Prior to each play, the defense tries to guess which play the offense will call; do it correctly and the entire defense miraculously gains the speed and strength of ten men, and swarms down over the offensive line like the armies of the devil himself. It's very easy to rip off long runs and pass plays, especially if you have one of the "marquee" players like Jerry Rice or Walter Payton. Therefore, the games tend to be very high scoring affairs, and the only thing that stops them from getting up into the basketball score range is that the quarters are limited to a quick 2 minutes each.

Player collisions and tackling are very unrealistic and also very comical; when two players run into each other they will Tussle, and you must tap the A button at a sufficiently quick rate to win this grapple and cast your opponent away like the rubbish that he is. On the defensive side of things you can execute a diving tackle with the B button, which will automatically bring any foe to his knees on contact BUT if you miss, you're out of commission for a good few seconds as your opponent sprints off down the field. Running backwards is generally a very poor idea in real football, but here players generate such a tremendous head of steam that circling back around your pursuers not only makes for an entertaining diversion but also sometimes an effective evasion strategy. When players are blocked or lose a Tussle they go flying and bouncing across the screen, landing in an embarassing heap. Kicks and punts are all a simple matter of stopping a sliding power bar - the moving arrow seen in later games had not yet been figured out by Tecmo's programming staff apparently.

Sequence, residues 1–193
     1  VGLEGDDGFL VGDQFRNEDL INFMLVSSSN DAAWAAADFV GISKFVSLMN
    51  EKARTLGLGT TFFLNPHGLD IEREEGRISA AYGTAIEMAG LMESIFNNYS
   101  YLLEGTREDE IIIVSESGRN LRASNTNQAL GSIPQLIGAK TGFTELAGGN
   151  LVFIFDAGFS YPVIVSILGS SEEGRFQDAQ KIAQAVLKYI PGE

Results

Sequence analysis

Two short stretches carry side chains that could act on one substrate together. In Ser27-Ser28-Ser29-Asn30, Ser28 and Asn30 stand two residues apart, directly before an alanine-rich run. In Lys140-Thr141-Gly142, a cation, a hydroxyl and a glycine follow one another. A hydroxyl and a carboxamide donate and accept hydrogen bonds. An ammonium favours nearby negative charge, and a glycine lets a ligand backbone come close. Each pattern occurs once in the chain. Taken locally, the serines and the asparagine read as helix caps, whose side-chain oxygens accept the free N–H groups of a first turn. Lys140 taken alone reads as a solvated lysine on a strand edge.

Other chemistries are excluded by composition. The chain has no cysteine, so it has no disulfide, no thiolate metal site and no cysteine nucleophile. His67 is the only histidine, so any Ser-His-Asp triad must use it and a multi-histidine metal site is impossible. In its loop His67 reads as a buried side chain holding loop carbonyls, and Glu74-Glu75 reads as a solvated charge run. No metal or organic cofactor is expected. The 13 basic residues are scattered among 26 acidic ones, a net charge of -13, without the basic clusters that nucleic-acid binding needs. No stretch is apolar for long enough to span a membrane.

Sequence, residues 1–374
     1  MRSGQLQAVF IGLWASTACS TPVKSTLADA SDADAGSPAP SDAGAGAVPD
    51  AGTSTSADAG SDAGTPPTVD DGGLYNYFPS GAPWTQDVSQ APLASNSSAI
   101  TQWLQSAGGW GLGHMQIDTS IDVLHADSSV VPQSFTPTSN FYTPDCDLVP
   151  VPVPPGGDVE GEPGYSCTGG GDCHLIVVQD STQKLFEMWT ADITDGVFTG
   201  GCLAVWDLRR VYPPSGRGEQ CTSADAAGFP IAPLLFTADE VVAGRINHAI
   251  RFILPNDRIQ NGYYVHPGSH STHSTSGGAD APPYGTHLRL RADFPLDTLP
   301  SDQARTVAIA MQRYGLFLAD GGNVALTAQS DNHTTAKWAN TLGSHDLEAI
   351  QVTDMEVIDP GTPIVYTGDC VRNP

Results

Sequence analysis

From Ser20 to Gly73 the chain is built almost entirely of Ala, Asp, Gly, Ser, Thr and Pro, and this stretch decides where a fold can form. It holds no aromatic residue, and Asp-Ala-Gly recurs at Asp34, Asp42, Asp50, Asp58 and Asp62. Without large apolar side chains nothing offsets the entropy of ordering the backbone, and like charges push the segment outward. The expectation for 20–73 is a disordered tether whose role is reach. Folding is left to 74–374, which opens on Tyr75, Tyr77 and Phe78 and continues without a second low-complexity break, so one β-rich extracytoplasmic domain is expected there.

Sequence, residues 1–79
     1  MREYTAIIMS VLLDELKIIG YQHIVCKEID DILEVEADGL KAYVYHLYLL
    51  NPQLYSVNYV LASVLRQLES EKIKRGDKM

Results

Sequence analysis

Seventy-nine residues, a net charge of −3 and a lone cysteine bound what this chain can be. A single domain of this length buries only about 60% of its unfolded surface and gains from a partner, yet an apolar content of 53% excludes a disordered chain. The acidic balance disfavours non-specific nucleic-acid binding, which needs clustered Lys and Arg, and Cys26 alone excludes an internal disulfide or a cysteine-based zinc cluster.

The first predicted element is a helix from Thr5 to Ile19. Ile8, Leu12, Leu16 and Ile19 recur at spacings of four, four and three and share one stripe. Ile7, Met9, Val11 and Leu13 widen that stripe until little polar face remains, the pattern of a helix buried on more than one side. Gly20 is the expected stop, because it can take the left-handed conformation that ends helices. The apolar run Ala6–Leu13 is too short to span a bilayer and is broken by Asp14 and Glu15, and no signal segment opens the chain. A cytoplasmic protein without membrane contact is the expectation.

It really is a tremendously broken game, and there is certainly a bit of noticeable jank. Certain teams (like Chicago) are far too good, it's so ridiculously easy to block field goals and extra points that you may as well not even plan to use them unless playing the computer, and the collision detection isn't always quite perfect. Compared to the later entries in the series this one has a slightly more slidey and sloppy feel. When you return an interception, the game doesn't seem quite prepared for it and you must hit the opposite edge of the current screen before it starts scrolling back in the other direction. Characters have stats listed under their names, but the stats never increase during the game, so why are they there?

All those things said, it's still a very cute and fun little game, though it does get tiring pretty quickly. Will we see a Tecmo Super Bowl on the Wii some day? If we do it'll probably have to dump the team names, because EA apparently now has exclusive rights. Even if the team names could be used, however, the Player's Association is another matter - most of these guys are retired and some are deceased, and negotiating individually with individuals and estates and etc. is such a mind-boggling and massively unprofitable enterprise that it can't ever possibly happen. So Tecmo Bowl on the VC may well be the best we ever get as far as a series revival ... but at this point, to keep you from becoming too melancholy, I feel compelled to tell you about the Tecmo Bowl Repository  where some small beacons of hope may perhaps be found.